5. 5. the innovator’s interview 5Tony TomazicWe have an interest right now in driving behavioral change inindividuals by positively influencing their lifestyle choices. This is notour core business, but a healthier population obviously benefits our “We’ve seen the greatestcore business, it benefits our customers, and benefits the insuranceindustry as a whole. results from engaging peopleWe’re championing a direction for Humana as a health company rather in doing the things thatthan as a health insurance company or even a healthcare company. Thefocus is on fostering true well-being, which can be translated into many they already love to do andaspects of an individual’s life – physical, mental, social and financial. trying to make those thingsOur ability to look for adjacencies will be defined largely by how the healthier. If you approach itconsumer perceives “well-being” in this broader sense. Philosophically,we’ve found that trying to influence behavior change is a tall order even from the other direction byif people are motivated. trying to induce new behaviorWe’ve seen the greatest results from engaging people in doing thethings that they already love to do - and trying to make those things that’s “good for you,” that’shealthier. If you approach it from the other direction by trying to inducenew behavior that’s “good for you,” it’s going to be a harder sell. I think going to be a harder sell.”that the health industry at large would probably benefit from adopting asimilar philosophy.How do you go about making daily life activities healthier foryour members?One approach is through health entertainment. For, example, wedeveloped a program called the Horsepower Challenge, which weoriginally piloted in local schools in Louisville, Kentucky.Now, Louisville, Kentucky is the home of the Kentucky Derby so youhave to understand that our love of horses goes pretty deep.About six weeks before the Kentucky Derby, we rolled out a gamechallenge to 100 middle school kids in five different schools. We gavethem all wireless pedometers, with no display on them, to wear aroundthe school and collect a baseline of their behavior. And then, a weeklater, we told them that they were in a competition with all the otherschools in the area (some of these were cross-town rivals), in a racearound the world.Each student was represented by a cartoon horse avatar and couldearn virtual currency by increasing their step count every day. Therewas a wireless router at the entrance of the school that read their stepsfrom their pedometers on a daily basis. As the students earned steps,they earned currency that they could use to buy accessories andaccoutrements for their horse avatars.The kids loved playing the game and it motivated them to come upwith all kinds of creative ways to earn more steps per day. Computerscience instructors were letting the kids walk in place at their computerterminals. Kids self organized in one case and went from second placeto first place by taking a shorter lunch break and doing laps around theschool track.During this pilot of only about four weeks, these 100 kids took enoughsteps to go from Louisville, Kentucky to Anchorage, Alaska and back Anticipate. Innovate. Activate.again. Even better, they went home and walked with their families as | Future Think LLC © 2005–10 Reproduction prohibited | New York NY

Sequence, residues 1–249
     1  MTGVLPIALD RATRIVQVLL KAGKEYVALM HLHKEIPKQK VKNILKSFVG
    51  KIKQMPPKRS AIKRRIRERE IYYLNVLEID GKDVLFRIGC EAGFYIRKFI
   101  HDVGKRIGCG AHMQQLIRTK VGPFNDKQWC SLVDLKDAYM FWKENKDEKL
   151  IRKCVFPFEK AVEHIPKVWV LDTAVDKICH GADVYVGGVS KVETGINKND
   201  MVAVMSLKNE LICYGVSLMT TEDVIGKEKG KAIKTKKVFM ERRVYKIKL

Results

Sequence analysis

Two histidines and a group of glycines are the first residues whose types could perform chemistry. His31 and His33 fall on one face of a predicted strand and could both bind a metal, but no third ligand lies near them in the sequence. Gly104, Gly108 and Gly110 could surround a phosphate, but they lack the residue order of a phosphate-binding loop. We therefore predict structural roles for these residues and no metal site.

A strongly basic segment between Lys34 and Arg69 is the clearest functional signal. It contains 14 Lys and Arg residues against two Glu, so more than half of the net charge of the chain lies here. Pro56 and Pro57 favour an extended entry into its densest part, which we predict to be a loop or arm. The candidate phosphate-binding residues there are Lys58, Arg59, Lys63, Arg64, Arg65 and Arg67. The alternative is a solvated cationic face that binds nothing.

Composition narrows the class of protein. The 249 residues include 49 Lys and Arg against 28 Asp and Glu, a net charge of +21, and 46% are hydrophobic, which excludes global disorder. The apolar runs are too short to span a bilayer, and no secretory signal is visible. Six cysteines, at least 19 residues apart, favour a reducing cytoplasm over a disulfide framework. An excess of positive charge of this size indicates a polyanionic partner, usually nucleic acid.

6. 6. the innovator’s interview 6Tony Tomazicwell. We saw quantitative data that these kids actually increased theactivity of their larger family unit as well.We started from the idea that kids like playing games already, andthen created a game that was all about the kind of activity that wewanted them to undertake. It was a huge success, even as a pilot, andnow we sell Horsepower Challenge to organizations. It’s the type ofprogram that can be adapted readily, wherever you can find the naturalcompetition that comes from team relationships – whether it’s majorsports affiliations or local teams or businesses – and leverage it tomotivate behavior change.Humana has a reputation for leveraging open innovation practices.What’s your approach?We actively pursue and facilitate open discussion with likemindedinnovators. We focus on exploration for exploration’s sake withoutrequiring every discussion to be a commitment to a new strategy.Our website at serves as a platform forconnecting with other innovators. In fact, I want to invite all of yourreaders with similar philosophies for steering people towards greaterhealth and well-being, to join the conversation. We’re always interestedin talking to likeminded individuals and businesses. We can be reachedthrough, via e-mail at crumpleitup@gmail.comor through Twitter: @CrumpleItUp.We also just had our inaugural session of the Humana InnovationAdvisory Board. Our senior VP invited corporate leaders from disparateindustries to visit and collaborate with us on innovative thoughtleadership in the space of health and well-being.These approaches to open innovation are not new, but I think theyare really starting to take off. People are becoming more comfortablewith talking about their business openly – not airing their dirty laundryper se, but talking about their pain points. Doing that in a veryfrank environment with no expectations about results leads to somefascinating discussion.Along those lines, what do you suppose makes an individual goodat innovation?Ideally, I’d say a good innovator should be able to wear four hats equallywell: project manager, creative consultant, entrepreneur, and advertising/PR person. That creative spark has to come from somewhere, but youalso have to have the ability to drive an idea forward and see it through amarketing lens. Otherwise, you’ll never get traction.If you don’t have all four of those skill sets, you have to get a network ofpeople to back you up or hire or partner to get them from outside.To be good at innovation, you also have to understand that you can’tcling to the notion that your success as an innovator is going to relyon the success of one particular idea. Your success as an innovatoris going to depend on how well you execute your work, but ultimatelyit may not be that particular idea that succeeds. And you need to beprepared for that. Anticipate. Innovate. Activate. | Future Think LLC © 2005–10 Reproduction prohibited | New York NY